Glossary entry for
Blake, William

Ancient of Days The following extract was originally from the William Blake home page:

William Blake (b. Nov. 28, 1757, London -- d. Aug. 12, 1827, London) was the first of the great English Romantic poets, as well as a painter, engraver and printer.

Blake is frequently referred to as a mystic, but this is not really acurate. He deliberately wrote in the style of the Hebrew prophets and envisioned his works as expressions of prophecy, following in the footsteps (or, more precisely strapping on the sandles) of Elijah and Milton.

The image shown here is one of Blake's most famous, titled "The Ancient of Days", which also happens to be the title of a Van Morrison song. The relief etching with watercolour appeared as the frontispiece to Blake's Europe: A Prophecy of 1794. Blake did not give the image a title; as Martin Butler (The Paintings and Drawings of William Blake, 1981) writes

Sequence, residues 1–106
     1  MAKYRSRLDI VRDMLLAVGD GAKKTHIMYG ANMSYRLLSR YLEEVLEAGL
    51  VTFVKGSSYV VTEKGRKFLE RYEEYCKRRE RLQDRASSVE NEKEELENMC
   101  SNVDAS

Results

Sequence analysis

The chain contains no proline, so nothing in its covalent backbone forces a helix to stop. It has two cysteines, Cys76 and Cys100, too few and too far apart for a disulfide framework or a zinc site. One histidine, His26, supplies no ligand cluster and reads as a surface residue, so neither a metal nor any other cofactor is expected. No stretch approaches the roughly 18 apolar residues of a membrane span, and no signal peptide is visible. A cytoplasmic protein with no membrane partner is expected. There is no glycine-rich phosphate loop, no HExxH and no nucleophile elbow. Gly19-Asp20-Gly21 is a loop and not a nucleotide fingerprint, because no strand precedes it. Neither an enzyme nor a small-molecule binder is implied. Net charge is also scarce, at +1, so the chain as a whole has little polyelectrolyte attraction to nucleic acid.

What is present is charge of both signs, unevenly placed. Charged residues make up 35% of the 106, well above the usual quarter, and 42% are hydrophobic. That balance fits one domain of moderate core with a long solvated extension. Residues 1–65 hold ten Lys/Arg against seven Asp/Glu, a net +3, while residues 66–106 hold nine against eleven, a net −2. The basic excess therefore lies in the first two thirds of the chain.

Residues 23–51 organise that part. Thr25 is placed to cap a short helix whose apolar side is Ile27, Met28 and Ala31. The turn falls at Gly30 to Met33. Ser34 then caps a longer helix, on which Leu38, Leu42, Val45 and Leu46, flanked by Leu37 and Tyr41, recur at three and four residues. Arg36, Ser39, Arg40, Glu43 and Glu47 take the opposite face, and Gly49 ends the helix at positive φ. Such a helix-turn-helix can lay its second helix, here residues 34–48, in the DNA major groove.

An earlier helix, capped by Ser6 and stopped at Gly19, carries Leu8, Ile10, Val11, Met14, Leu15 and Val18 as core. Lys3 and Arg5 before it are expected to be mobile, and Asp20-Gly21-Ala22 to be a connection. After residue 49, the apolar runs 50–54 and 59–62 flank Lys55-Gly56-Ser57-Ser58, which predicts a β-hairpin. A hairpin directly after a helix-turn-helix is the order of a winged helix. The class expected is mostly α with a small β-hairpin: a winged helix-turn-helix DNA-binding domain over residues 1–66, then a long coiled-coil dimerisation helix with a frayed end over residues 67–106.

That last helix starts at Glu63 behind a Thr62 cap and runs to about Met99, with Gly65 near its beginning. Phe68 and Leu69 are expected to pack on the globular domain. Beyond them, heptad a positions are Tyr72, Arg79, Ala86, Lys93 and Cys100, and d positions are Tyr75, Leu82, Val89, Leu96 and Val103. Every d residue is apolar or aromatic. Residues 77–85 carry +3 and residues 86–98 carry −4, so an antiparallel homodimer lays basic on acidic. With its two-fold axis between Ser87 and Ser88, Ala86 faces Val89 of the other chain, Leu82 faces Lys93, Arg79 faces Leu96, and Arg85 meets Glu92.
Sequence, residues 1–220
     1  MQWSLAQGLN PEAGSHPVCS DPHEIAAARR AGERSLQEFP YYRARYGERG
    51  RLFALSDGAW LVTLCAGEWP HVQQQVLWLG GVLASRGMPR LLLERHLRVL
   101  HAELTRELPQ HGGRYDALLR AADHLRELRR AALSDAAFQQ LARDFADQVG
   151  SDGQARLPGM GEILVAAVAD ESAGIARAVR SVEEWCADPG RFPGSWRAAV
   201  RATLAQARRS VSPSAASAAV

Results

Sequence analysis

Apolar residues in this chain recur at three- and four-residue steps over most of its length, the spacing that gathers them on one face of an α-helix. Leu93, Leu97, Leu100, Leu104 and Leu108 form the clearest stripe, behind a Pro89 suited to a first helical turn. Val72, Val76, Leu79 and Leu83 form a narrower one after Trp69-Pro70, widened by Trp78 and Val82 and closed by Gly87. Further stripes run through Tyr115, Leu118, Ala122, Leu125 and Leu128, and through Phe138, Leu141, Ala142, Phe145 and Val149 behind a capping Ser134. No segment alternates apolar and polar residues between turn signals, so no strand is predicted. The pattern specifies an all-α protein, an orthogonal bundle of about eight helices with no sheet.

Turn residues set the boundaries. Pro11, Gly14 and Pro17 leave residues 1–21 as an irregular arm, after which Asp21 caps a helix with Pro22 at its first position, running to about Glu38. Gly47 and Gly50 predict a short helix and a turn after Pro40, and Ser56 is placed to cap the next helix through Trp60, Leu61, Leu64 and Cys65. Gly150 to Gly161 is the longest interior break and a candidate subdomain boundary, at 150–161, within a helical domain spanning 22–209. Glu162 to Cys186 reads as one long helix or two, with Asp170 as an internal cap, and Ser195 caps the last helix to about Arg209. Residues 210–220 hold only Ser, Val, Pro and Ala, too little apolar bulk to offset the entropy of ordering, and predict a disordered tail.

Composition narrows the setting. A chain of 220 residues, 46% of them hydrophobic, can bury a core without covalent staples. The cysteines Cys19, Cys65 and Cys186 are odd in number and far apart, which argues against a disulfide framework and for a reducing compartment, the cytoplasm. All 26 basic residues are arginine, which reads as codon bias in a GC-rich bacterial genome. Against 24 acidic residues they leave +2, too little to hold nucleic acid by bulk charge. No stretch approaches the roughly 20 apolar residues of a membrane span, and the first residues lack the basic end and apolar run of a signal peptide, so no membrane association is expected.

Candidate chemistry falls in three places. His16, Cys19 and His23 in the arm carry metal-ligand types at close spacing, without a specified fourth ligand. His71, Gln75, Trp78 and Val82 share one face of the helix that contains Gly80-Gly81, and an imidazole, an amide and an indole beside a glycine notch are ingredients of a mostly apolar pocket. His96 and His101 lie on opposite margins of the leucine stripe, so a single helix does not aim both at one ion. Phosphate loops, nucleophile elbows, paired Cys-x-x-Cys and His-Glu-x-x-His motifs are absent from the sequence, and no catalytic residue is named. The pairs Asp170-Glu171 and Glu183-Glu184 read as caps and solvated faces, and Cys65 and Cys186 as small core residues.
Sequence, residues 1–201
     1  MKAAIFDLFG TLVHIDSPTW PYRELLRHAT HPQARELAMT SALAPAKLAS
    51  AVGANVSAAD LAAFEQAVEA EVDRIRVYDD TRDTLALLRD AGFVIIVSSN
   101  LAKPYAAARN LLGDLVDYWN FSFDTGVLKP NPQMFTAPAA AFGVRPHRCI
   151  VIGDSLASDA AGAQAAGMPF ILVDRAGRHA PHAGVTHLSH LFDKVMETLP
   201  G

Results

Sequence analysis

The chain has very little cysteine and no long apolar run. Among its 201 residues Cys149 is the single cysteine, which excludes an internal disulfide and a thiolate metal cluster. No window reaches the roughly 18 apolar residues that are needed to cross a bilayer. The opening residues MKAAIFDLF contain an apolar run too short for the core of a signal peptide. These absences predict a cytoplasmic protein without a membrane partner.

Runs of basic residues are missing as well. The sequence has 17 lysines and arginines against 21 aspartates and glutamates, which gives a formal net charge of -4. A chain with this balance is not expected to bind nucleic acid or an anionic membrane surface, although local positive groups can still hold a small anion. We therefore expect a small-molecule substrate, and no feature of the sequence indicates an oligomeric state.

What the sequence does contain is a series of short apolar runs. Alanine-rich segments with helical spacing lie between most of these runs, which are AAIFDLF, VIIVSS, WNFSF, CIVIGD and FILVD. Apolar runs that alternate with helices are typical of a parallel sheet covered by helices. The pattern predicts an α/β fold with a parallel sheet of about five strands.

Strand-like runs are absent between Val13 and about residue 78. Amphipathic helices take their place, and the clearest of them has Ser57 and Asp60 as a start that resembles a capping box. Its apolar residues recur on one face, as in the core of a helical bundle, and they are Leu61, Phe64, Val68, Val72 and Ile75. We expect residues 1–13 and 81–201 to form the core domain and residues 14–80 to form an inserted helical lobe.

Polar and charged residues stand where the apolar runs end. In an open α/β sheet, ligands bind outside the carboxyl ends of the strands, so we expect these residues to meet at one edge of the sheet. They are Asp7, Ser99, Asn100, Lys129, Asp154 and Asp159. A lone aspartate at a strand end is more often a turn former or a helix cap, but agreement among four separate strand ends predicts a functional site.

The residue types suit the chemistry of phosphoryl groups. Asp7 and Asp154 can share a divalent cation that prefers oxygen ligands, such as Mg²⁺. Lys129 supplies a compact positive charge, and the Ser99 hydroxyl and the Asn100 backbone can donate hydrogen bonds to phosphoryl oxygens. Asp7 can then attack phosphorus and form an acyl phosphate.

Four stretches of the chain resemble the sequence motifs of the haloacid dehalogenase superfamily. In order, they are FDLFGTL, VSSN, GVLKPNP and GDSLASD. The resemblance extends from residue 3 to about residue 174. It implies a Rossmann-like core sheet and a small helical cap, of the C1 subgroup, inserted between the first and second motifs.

It was J.T. Snow [Nollekens and his Times, 1828] who first called this design "The Ancient of Days", relating it to Proverbs, viii, 27, but Blake's meaning is closer to that of this own Urizen, 1794, where, on plate 20, Urizen 'formed golden compasses And began to explore the Abyss'. The Creator is equated with Urizen, whose rational and materialist creation of the world excludes imagination.

The symbolism of this illustration, and its relationship to Blake's writings, is described in Kenneth Clark's The Romantic Rebellion: Romantic versus Classic Art (1973). There is also a separate Glossary entry with more background on the term "The Ancient of Days".

Downloadable versions of Blake's "Ancient of Days" painting can be found at the William Blake home page (30Kb) and a larger, far more colour-rich version at the WebMuseum, Paris (150Kb).

"Let the Slave" and "The Price of Experience" are two separate excerpts from The Four Zoas which is one of Blakes long prophetic poems.

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